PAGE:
Druid Heights' multicultural fest starts tomorrow BALTIMORE CITY

October 01, 1993|By Joan Jacobson | Joan Jacobson,Staff Writer

As the result of incorrect information provided by the Drui Heights Community Development Corporation, an article on Oct. reported incorrectly that the group's cross cultural festival was funded by the Goldseker Foundation. In fact, the event was financed by the Baltimore Community Foundation.

The Sun regrets the errors.

A Trinidadian story teller will meet Korean tae kwon do performers at the city's first "celebration of cross cultural appreciation" in West Baltimore tomorrow.

The daylong celebration at St. Peter Claver Catholic Church Hall at 1210 Presstman St. is sponsored by the Druid Heights Community Development Corp. The purpose of the festival is to "look at the things we have in common as a people and take the focus off the differences about us," said Vic Frierson, community coordinator for Druid Heights.


Unlike the city's other ethnic festivals, this fair will have "no booths, nothing for sale. Everything will be free to the public," said Mr. Frierson.

The fair, to run from 10 a.m. to 6 p.m. is financed by the Goldseker Foundation and will include free food, entertainment and a panel discussion about cultural diversity.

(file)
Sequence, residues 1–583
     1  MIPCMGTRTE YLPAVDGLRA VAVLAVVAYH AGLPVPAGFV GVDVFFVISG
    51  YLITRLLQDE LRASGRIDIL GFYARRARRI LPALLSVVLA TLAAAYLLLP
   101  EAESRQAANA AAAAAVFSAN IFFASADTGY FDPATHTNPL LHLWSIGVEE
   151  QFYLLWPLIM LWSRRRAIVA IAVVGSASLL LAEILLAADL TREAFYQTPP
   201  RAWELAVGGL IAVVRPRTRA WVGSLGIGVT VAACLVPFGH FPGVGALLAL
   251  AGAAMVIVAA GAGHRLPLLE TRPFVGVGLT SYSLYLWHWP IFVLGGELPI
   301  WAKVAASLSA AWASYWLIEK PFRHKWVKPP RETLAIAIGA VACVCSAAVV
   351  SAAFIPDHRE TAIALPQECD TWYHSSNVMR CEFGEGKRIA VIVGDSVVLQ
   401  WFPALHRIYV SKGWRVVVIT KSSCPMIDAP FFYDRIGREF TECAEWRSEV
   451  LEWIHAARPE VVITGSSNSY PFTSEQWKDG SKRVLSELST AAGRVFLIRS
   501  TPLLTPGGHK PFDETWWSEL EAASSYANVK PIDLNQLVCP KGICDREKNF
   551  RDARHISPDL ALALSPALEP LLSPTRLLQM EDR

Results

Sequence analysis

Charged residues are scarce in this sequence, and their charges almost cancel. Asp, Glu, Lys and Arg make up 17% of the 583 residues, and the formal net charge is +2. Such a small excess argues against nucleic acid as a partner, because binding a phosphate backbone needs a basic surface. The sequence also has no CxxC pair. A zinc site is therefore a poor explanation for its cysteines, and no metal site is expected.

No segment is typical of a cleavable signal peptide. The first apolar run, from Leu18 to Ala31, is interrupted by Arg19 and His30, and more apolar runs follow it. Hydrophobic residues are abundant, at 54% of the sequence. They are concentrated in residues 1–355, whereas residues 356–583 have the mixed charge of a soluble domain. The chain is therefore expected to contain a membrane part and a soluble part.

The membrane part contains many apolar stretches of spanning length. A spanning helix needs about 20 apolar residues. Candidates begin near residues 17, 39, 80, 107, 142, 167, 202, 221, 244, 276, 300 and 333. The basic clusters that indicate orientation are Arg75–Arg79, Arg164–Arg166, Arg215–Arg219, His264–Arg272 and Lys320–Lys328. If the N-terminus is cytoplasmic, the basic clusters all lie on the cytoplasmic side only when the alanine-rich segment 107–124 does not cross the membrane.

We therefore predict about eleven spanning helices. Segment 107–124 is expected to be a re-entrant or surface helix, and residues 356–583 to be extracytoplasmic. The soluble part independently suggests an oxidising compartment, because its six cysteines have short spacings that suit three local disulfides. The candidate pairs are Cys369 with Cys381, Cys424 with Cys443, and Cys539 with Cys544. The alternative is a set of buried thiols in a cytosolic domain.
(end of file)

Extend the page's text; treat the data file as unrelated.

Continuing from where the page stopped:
The panel, beginning at 11 a.m., will have Korean, Hispanic, African-American, Filipino and East Indian community representatives.

"In a long-term sense, one of our objectives is to identify multi-ethnic groups in Baltimore and deal with the problems inherent to cultural diversity," Mr. Frierson said. "We need to find some common ground to coexist in a harmonious way and stop finger-pointing and focus on what's the same about us."

In the afternoon, entertainment will be offered by a Jamaican steel drummer, a Far East Indian dance troupe, a Blue Dragon tae kwon do demonstration, Trinidadian story tellers and dancers, an Israeli folk singer, a Greek dance group and a Latin American folklore group.

The festival is not the first time the Druid Heights Community Development Corp. has brought people from different ethnic backgrounds together. In the summer of 1991 the group sponsored a six-week course for 30 West Baltimore children to learn the Korean culture and language as part of a summer camp.

The course was financed by the Korean Businessman's League to improve relations between predominantly black West Baltimore communities and league members who operate businesses there.

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